While not rocket science, it is a huge job to chink an entire house! We used up the first five gallons of Permachink on the little section under the window on the back porch.  We ordered 10 more buckets of chink.  It took us four days to do the first side - but at our age, we only work about 6 hour days.

We moved onto the other "easy" side of the house facing the lake on the 5th day.  We were coming down a pretty nice improvement curve and finished that side in three more days.  So far we had been working on nice flat decks, with a little overhead work, but all could be done from a nice safe step stool.
Now we got to the steeper part of the house and bigger ladders became a part of our work.  But we've got the work down and are working faster and better, so we finished this side in just two days.

The final side of the house is without a doubt, the scariest. 
Probably not OSHA approved - but it was surprisingly stable and we are nearly done with the last side of the house.  It takes about 2 to 5 weeks to completely cure, so when it's ready, we'll restain the entire house and it should be good to go for our lifetime.  It is becoming much more clear why the previous four owners of this house never did chink it.

Monday, August 13, 2018

You never miss the water until the well runs dry.

We woke up at midnight to find we had no water.  Yikes!  So we wandered around in the dark looking for faucets that could have been left on (no luck) and realized that the well had run dry.
Fortunately, we have a backup system where we can turn a valve and switch to the lake irrigation system water.  When we switched, the lake pump never quit running, so we knew we had a serious leak somewhere.  The lake is an unlimited supply of water, so we left the pump running all night so that we could still have water.  After we did that at midnight, we tried to sleep while we waited for light. When we got up this morning, we isolated the problem to the log house, so we started digging.
Fortunately we have tools so it wasn't all done by hand, but we had to avoid propane lines, phone lines, and power lines that also cross the yard where we have water lines for both the lake system and the well system.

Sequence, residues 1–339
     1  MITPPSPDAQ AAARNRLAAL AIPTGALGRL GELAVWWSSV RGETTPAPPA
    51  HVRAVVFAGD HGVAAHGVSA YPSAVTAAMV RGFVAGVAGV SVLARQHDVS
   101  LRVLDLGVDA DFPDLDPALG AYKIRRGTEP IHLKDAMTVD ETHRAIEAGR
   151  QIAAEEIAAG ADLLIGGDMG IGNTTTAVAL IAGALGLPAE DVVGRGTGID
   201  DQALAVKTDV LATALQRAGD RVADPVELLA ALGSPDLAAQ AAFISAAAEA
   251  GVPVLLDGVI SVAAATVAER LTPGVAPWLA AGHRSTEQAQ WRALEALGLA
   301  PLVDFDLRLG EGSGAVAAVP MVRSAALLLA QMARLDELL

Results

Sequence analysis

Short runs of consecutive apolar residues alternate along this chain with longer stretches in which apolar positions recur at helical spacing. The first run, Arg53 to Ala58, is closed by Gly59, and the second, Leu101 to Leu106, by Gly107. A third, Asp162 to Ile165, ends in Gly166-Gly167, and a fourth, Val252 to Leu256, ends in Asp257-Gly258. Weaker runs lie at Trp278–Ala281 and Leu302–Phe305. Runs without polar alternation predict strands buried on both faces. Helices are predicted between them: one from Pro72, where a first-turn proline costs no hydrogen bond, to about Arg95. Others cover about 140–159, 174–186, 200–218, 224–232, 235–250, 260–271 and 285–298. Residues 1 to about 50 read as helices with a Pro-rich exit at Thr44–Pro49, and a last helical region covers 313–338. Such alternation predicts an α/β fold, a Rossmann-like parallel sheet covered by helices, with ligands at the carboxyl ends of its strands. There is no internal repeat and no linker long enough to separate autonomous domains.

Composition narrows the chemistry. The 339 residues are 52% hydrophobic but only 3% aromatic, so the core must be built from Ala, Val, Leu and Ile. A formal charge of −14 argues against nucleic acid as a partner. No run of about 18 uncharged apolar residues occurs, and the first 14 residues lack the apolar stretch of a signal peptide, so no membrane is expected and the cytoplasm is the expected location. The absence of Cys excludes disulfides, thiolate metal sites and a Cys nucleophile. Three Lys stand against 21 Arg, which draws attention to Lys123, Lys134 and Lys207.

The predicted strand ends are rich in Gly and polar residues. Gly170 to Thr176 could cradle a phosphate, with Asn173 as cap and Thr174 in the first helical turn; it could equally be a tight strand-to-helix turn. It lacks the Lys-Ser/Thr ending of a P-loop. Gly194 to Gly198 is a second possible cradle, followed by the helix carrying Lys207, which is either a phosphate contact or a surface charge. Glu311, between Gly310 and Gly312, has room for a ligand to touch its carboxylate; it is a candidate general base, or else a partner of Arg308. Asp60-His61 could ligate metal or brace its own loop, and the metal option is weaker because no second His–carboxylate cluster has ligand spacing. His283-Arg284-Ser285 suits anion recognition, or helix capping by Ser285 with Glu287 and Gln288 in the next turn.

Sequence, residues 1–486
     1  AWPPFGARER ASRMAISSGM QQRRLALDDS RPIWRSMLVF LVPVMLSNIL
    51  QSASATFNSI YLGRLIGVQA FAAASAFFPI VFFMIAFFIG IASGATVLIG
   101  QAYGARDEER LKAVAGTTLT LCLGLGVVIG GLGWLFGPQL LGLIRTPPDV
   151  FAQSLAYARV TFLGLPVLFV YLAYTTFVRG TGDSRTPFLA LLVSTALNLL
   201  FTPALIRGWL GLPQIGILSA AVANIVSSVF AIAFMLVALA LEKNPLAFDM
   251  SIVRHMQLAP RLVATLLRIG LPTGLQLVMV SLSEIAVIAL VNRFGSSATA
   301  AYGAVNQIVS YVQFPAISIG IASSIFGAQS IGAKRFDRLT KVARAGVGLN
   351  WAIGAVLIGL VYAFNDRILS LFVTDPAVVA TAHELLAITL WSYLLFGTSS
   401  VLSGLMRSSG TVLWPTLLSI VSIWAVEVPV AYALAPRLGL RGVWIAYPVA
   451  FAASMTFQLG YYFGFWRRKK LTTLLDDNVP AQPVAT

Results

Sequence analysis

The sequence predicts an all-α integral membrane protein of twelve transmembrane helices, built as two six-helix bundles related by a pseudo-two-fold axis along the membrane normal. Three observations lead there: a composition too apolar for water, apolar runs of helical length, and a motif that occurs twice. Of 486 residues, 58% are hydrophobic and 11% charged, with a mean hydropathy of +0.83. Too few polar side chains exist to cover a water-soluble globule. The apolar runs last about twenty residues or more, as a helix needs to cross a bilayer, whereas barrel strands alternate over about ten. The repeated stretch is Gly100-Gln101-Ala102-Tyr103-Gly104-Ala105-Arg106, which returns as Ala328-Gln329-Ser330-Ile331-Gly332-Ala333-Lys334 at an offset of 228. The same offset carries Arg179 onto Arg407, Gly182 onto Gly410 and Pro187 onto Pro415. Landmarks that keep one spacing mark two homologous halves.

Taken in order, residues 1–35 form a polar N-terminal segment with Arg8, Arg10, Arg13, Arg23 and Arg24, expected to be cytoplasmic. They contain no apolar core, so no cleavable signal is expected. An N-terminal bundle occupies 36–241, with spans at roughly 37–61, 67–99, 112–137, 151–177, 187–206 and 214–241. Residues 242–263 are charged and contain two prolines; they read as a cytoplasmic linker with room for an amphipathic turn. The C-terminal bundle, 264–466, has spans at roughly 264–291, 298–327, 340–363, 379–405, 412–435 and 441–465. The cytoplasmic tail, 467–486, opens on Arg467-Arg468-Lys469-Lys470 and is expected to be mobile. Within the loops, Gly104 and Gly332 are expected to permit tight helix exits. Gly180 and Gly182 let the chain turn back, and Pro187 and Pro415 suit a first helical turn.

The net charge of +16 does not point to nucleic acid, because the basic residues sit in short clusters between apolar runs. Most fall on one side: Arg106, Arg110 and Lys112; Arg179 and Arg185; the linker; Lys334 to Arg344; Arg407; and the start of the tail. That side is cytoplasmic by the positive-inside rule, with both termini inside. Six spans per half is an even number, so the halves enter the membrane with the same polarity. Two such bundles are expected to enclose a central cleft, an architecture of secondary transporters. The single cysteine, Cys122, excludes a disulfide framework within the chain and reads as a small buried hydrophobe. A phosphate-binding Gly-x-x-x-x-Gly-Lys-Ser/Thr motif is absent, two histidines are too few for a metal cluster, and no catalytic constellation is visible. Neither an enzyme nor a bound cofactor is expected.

That tiny yellow line is the propane line - we managed to find it and the phone line without damaging them.
 The exposed pipe is from an old water line - this house was built in 1940, and water piped from the lake in the years before the well was installed.  As we dug, we had to identify every line we found to avoid destroying something we still use.
We found the leak at the very end of the line - when we were just about ready to give up - When you have the most perkable soils in the history of the world, you have to be within a foot of a 5000 gallon leak to see any evidence of it. 
The leak is repaired, but both of us may need a few hours of rest to get ourselves repaired.  We can cover up our digging tomorrow!

Thursday, August 9, 2018

A Visit to "The Key"

My sister, Anne, who had lived in Alaska since she was a teenager (30+ years) has the greenest of green thumbs.  Even in Alaska, she had a garden that rivaled anything I saw anywhere.  Now that she is living on Key Peninsula in Washington State, her horticulture skills can really thrive.  This wall of tomatoes she started from seed and has to have thousands of tomatoes ranging from green to ruby red.  
She has made this little campsite wonderfully welcoming.
Notice the queen size bed - there is also a couch, and a nice camp kitchen.  Comfortable chairs surround a campfire, and woods surround the campsite.  Glamping at its best!
Her garden area last year was a thicket of blackberry and salmon berry brush. She has an amazing variety of vegetables ready to eat, and many exotic flowers that she started from seed!
The decorative artichoke in the center has a beautiful lavendar bloom:
Here's one in bloom.
Anne and Scott have brought an abandoned house and overgrown acreage back into a beautiful small farm, and I can rest easier knowing that my step-dad, Dick, is in good caring hands. 
He has always loved animals, so it is wonderful to have him surrounded by people and animals that love him.  Scott has totally remodeled the old house to have handicap access to everything and Dick can be safe both inside and out.

Sunday, July 29, 2018

Flowers that Thrive on Neglect

I've heard that the acidity of the water you put on hydrangea makes the color.  So no water at all must mean bright blue. This one is at our old house, and I can barely keep up with watering at the new house in this hot dry year.
I used to have over 50 different dahlias, but I used to dig the bulbs every year and carefully identify them and store them in the basement.  When I quit digging them, the varieties narrowed to the ones that can survive in the ground all winter.  This is one of my favorites - Called Key West when I bought the bulb years ago.
This one is called Oenesta - very hardy and the bees love the abundant blooms.
This dark red nameless dahlia came from my friend, Bill.  It is very hardy, has abundant blooms, but kind of weak stems so it isn't that great for bouquets.
Plate dahlia - I've forgotten the name - very strong stems, lots of blooms, and it comes back every year.
Duet - I used to have a plate dahlia with these colors, but haven't seen it bloom for several year.  This one bloomed for the first time this year after several years without blooming.
This one might be a cross - don't recall it from the past.
My friend, Karen, gave me several lilies, and I'm just loving them!  Easy to grow, they smell wonderful, and they are very drought tolerant.

Gladiolas are showy and don't require much tending.  I have many varieties blooming and many more that haven't bloomed yet.  It really is my favorite time of year, even though it keeps me very busy keeping some water on everything.